Unlocking engagement: Review of the 'Innovative Workplaces' Initiative
This project, funded by the East Midlands Development Agency (emda) in 2009/10, was managed and delivered by Acas in East Midlands. The United Kingdom Work Organisation Network (UKWON) was the delivery partner on the project and the Nottingham Trent University Business School (NTU) was responsible for its evaluation.
The IWP approach
The IWP was innovative in a number of respects. It set out to:
– stimulate organisational change,
– be workplace focused,
– provide customised organisational support,
– develop management and leadership skills through a practical, rather than
a theoretical approach,
– provide an integrated evaluation of the impact of this pilot initiative.
The IWP offered direct support to two nominated representatives (referred to as
gatekeepers) from each of the ten participating organisations. The underpinning rationale was that a handful of key individuals could successfully be the catalyst for sustainable organisational change. The IWP began with the gatekeepers undertaking a three and half day course to develop their management and leadership skills, devise their action plans and begin to establish the interactions necessary for successful action learning. An Acas facilitator (and a back up facilitator) was linked to each organisation and they helped the gatekeepers draw up their action plans. Full day monthly participant network meetings facilitated by UKWON incorporated action learning sets in which the participants were invited to both support and challenge one another when devising and implementing their action plans.
Mechanisms for improving employee voice ranged from the establishment of a workplace employee forum, to a steering group with employee representatives with reporting task groups and/or employee focus groups facilitated by Acas. The IWP had resulted in seven out of eight organisations putting in place mechanisms to promote and capture new ideas.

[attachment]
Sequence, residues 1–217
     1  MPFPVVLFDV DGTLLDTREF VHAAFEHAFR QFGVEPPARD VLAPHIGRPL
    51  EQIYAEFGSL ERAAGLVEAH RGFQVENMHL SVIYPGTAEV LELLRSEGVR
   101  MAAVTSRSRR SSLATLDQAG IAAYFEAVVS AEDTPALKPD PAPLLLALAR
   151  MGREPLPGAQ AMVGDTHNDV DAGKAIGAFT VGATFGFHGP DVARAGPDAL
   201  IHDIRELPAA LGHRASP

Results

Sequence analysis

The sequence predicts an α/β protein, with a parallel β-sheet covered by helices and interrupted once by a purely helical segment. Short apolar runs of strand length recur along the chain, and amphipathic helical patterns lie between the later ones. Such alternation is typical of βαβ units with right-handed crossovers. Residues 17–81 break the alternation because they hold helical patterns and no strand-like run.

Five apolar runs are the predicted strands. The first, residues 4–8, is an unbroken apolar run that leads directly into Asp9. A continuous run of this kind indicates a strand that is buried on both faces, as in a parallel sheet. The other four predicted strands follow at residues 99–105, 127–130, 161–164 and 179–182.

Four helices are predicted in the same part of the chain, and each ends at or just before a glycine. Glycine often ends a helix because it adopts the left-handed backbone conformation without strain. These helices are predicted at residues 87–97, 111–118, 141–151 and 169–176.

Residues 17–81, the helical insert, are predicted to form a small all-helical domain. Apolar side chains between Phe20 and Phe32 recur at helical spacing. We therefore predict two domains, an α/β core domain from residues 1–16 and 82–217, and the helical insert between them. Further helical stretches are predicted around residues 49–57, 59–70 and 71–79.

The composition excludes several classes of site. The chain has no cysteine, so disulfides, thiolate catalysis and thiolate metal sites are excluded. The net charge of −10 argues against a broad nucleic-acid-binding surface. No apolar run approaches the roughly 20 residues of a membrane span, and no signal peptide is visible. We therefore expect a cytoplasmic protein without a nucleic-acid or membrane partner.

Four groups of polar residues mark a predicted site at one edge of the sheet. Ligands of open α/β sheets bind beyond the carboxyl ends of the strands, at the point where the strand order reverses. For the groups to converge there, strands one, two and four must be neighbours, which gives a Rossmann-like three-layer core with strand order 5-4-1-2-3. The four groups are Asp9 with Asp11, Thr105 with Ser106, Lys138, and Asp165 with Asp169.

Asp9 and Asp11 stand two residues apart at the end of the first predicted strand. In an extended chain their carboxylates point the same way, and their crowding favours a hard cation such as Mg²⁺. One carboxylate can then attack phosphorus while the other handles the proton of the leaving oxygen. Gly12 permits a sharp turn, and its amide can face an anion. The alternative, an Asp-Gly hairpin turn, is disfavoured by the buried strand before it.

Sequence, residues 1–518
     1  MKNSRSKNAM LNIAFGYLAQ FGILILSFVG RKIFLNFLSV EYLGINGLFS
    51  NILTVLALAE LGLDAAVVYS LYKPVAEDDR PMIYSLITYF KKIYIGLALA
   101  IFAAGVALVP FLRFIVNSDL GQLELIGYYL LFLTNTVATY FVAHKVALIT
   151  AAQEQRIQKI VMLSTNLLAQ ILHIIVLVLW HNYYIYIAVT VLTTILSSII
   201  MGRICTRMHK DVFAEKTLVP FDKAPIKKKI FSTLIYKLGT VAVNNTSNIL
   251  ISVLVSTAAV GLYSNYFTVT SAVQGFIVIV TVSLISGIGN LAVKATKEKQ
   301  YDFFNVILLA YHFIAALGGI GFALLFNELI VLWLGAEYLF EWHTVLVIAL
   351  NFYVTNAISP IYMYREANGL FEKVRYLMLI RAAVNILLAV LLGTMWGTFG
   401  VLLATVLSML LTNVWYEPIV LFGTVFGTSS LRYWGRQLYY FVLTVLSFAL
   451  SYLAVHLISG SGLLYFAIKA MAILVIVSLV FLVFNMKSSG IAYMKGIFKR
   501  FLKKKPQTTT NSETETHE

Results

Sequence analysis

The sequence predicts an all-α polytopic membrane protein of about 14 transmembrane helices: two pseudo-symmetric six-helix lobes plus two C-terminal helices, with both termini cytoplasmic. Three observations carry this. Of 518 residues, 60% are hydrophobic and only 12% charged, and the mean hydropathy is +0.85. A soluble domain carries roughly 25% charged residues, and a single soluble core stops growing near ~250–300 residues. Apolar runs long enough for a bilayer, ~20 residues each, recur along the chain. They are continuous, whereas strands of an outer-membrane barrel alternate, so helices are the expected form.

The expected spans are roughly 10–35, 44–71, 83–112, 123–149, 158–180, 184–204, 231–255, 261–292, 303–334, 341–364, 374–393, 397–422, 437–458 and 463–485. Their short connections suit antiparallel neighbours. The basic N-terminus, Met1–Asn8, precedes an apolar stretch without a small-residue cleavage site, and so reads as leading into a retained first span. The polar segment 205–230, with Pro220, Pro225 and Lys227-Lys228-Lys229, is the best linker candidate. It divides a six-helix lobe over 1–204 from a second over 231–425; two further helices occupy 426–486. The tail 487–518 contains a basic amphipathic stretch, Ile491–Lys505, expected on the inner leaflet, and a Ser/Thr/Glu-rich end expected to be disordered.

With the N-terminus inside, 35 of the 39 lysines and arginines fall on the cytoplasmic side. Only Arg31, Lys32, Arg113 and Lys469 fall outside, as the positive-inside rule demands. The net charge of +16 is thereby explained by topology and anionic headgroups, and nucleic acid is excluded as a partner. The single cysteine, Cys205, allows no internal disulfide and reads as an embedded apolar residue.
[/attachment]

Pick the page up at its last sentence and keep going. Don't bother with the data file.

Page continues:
All the participating organisations reported that the IWP had led, not only to the achievement of some of the workplace changes sought in their initial plans, butalso to improvements in the wider employee relations climate: improving levels of employee engagement, morale, communications between management and employees or staff in different functional areas, workforce flexibility and the implementation of change.
Improved communication was identified by respondents from all the participating organisations as the ‘single most important change’.
Managers in half of the participating organisations reported that one outcome of their involvement in the IWP was that issues formerly referred directly to them were now being resolved at a lower level in the management chain or by employees themselves. This was identified by respondents as saving
management time with consequent improvements in efficiency and productivity.
The economic impact assessment of the IWP reported an overall minimum return on investment of £4 for every £1. Participating organisations attributed proportions of improvements in staff productivity and present and future employment growth directly to the IWP. The economic impacts quoted can be thought of as cautious estimates, due to the fact that it was not possible to fully measure all benefits.
From the perspective of the facilitators themselves, it was unanimously identified that having terms of reference agreed with senior management in place at the outset would have enabled more rapid progress against the action plans. A feature of the IWP was that it had intentionally included a diverse range of organisations. From the perspective of the participants this diversity had the advantage of offering new perspectives. One suggestion from gatekeepers at a couple of the participating organisations however was that having access to a mentor from a similar industry or sector would be a valuable addition to the interventions offered by the project.